Propaganda by its very nature is an enterprise for perverting the significance of events and of insinuating false intentions. There are two salient aspects of this fact. First of all, the propagandist must insist on the purity of his own intentions and at the same time, hurl accusations at his enemy. But the accusation is never made haphazardly or groundlessly.* The propagandist will not accuse the enemy of just any misdeed, he will accuse him of the very intention that he himself has and of trying to commit the very crime that he himself is about to commit. He who wants to provoke a war not only proclaims his own peaceful intentions but also accuses the other party of provocation. He who uses concentration camps accuses his neighbor of doing so. He who intends to establish a dictatorship always insists that his adversaries are bent on dictatorship. The accusation aimed at the other’s intention clearly reveals the intention of the accuser.
*Because political problems are difficult and often confusing, and their import not obvious. the propagandist can easily present them in moral language — and here we leave the realm of fact, to enter that of passion. Facts, then, come to be discussed in the language of indignation, a tone which is always the mark of propaganda.
Lind’s cult of the victim enlists young, white, heterosexual Christian men driven mad by having their future — their rightful prospects as successful builders, producers, capitalists, landlords and doers of great things — stolen from them by losers. They just can’t catch a break! Even when they go out a shoot a bunch of those losers, it is the losers who get elevated as high-status victims in today’s cultural Marxist climate instead of the real victims, those meritorious young, white, heterosexual Christian, deservedly-successful but dispossessed males. Ressentiment is a bitch.
The terrorist mass murder in Christchurch, New Zealand two weeks ago has sent me back to my archives to retrieve my documentation of Anders Breivik’s extensive plagiarism of the writings of William S. Lind, et al.
Did I say “extensive” plagiarism? Breivik copied and pasted the whole 19,000 word pamphlet, making minor revisions here and there and deleting around 4,000 words that dealt with more arcane academic topics, such as Derridean deconstruction. Below is an example of the markup comparison of documents from Lind’s to Breivik’s, with insertions in blue and deletions in red:
At the end of Lind’s tract, he included a bibliographical essay “…as a guide for interested citizsens who want to learn more about the ideology that is taking over Western Europe and America.” One of the entries in that bibliography was The Frankfurt School: Its History, Theories and Political Significance by Rolf Wiggershaus. Lind quoted a passage from the book’s “Afterword”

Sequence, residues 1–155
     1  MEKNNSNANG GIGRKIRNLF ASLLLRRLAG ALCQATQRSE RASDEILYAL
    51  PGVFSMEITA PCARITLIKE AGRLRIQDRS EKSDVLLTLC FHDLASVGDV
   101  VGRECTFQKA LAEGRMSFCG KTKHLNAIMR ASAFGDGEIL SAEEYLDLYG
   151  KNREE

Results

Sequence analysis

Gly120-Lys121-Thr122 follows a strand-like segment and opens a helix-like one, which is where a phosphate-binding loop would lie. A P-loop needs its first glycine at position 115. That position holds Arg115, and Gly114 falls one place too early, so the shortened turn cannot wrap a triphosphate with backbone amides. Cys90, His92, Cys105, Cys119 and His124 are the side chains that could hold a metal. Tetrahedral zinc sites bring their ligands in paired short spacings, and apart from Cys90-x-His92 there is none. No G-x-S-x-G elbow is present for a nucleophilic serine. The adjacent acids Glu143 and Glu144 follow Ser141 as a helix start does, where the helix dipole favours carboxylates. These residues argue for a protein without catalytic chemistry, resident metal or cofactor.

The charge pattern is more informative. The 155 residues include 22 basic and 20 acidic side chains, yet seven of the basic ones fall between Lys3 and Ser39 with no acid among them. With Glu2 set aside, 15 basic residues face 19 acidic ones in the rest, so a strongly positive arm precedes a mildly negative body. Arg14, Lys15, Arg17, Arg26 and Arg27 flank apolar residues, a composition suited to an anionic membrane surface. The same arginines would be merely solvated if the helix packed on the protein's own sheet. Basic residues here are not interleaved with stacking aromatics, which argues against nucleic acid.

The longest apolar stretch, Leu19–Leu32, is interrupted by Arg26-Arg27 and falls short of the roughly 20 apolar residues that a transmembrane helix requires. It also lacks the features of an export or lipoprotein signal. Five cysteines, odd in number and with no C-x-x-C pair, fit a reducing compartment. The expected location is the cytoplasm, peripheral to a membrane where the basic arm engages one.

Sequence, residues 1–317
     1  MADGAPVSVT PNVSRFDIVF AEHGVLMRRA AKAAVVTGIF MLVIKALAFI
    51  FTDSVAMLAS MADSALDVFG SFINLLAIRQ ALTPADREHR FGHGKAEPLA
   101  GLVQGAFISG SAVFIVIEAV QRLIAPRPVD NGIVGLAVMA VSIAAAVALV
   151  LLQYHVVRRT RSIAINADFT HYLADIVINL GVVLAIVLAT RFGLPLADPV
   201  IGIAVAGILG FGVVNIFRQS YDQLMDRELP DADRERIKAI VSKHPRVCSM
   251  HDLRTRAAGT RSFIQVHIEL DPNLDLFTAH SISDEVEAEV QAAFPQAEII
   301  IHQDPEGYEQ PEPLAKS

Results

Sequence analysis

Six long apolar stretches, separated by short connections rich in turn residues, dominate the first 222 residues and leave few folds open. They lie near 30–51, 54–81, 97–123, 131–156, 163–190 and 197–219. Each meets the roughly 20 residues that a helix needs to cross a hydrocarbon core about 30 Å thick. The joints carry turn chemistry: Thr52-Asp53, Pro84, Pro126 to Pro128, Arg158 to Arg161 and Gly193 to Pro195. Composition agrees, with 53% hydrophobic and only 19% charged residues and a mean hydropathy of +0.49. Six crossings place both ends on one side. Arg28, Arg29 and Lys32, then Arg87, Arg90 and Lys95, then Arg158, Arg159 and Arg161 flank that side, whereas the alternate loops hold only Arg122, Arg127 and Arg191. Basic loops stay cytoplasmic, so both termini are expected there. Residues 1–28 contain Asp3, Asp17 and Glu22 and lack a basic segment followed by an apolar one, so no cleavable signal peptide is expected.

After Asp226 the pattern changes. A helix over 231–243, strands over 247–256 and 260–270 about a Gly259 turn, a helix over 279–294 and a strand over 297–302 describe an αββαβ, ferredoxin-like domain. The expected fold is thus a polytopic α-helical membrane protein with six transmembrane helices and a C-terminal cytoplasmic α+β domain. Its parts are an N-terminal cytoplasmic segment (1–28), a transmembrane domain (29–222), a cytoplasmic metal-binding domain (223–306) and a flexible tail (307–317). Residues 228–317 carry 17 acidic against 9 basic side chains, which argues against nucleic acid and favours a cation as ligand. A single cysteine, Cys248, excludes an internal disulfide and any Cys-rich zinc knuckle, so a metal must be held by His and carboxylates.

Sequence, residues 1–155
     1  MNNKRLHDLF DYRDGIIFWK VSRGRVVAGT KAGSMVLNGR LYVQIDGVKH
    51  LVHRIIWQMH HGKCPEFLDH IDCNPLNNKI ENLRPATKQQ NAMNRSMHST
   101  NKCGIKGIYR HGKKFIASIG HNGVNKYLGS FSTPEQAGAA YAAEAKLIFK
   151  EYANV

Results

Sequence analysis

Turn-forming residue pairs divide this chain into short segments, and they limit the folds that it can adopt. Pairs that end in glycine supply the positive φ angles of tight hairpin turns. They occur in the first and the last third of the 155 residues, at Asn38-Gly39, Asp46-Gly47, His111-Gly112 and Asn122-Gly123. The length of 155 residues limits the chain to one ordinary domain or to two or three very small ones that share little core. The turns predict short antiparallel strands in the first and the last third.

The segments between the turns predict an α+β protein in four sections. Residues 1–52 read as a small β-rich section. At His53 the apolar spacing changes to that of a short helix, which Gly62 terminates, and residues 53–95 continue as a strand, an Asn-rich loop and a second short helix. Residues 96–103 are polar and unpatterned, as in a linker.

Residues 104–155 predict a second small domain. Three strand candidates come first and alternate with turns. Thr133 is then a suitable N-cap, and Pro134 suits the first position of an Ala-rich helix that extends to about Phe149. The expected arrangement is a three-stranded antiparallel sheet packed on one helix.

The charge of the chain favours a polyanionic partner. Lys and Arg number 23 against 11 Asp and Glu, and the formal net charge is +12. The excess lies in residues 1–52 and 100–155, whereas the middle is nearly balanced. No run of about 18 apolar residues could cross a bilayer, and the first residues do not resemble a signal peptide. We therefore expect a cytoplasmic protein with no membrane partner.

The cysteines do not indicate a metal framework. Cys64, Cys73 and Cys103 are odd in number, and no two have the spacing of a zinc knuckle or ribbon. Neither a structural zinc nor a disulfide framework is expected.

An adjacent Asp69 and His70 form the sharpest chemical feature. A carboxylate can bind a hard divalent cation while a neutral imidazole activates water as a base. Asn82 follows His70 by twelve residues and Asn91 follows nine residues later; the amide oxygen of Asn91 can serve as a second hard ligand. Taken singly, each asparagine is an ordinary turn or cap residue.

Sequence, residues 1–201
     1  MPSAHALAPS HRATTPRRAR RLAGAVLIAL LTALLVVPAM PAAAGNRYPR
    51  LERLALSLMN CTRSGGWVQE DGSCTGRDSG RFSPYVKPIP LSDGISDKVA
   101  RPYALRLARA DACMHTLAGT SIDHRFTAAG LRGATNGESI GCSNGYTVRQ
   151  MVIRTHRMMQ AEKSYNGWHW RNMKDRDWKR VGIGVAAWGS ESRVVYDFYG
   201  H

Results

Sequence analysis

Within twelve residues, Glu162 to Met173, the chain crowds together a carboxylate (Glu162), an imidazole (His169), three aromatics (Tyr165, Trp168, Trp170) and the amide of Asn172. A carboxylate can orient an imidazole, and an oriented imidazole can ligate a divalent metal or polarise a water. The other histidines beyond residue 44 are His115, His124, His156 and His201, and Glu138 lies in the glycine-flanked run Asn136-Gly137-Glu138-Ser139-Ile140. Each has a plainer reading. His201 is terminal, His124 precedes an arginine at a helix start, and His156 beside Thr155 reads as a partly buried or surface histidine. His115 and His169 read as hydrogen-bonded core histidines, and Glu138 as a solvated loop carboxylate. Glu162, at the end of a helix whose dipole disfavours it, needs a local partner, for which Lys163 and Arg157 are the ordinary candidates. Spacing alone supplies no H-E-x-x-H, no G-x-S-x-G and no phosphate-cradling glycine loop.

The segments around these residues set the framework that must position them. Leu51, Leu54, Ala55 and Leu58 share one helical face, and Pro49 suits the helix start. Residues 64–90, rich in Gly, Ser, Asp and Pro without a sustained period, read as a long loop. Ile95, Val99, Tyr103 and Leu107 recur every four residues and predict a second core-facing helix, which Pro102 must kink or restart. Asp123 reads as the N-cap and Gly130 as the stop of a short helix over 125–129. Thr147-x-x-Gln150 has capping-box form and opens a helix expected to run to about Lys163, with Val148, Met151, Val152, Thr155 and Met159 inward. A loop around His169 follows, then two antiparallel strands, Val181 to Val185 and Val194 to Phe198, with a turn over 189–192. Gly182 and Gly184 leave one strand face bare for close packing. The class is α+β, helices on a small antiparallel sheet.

Since the publication in 1970 of his book The Poverty of Critical Theory, Rohrmoser has promulgated, in constantly varying forms, the view that Marcuse, Adorno and Horkheimer were the terrorists’ intellectual foster-parents, who were using cultural revolution to destroy the traditions of the Christian West. Academics such as Ernst Topitsch and Kurt Sontheimer, who saw themselves as educators and liberal democrats, followed in Rohrmoser’s footsteps. In 1972 Topitsch, a critical rationalist who was Professor of Philosophy in Graz, had stated that behind the slogans of ‘rational discussion’ and ‘dialogue free of domination’ there was being established at the universities ‘a distinct terrorism of political convictions such as has never existed before, even under Nazi tyranny’
What struck me as odd about the above passage was that “Rohrmoser” had no first name. At first, I suspected the passage was simply cut and pasted in without acknowledging that it was a quoted text. But the absence of quotation marks may have been simply an artifact of indent formatting lost during conversion to a web document. I was curious to find out Rohrmoser’s first name, which appeared in the sentence before the passage quoted by Lind:
Günther Rohrmoser was a social philosopher employed by [Hans] Filbinger, who, as a judge at a naval court martial during the last days of the Second World War, had pronounced a scandalous death sentence which he defended during the 1970s by saying that what was the law then could not be injustice today.
Hans Karl Filbinger was Minister President of Baden-Württemberg from 1966 to 1978. In October of 1977, in response to the kidnapping and murder of Hanns Martin Schleyer by the Red Army Faction, Filbinger gave a speech in which he blamed the teachings of the Frankfurt School for the terrorism. Such accusations, elaborated by academics such as Rohrmoser, Topitsch, Sontheimer and others became the basis for efforts to suppress student activism and the teaching of Critical Theory.
In 1978, Filbinger was accused of having presided — either as prosecutor or judge — over the executions of several sailors at the conclusion of the Second World War. The Wikipedia article outlines extenuating circumstances in his favor: several of the death sentences were in absentia and never carried out, others were commuted to prison sentences and in the one case that resulted in an execution he appears, according to the Wikipedia article, to have been “filling in” for a prosecutor who had already asked for the death sentence. In In Pursuit of German Memory: History, Television, and Politics After Auschwitz, Wulf Kansteiner offered the following account of the outcome of the scandal: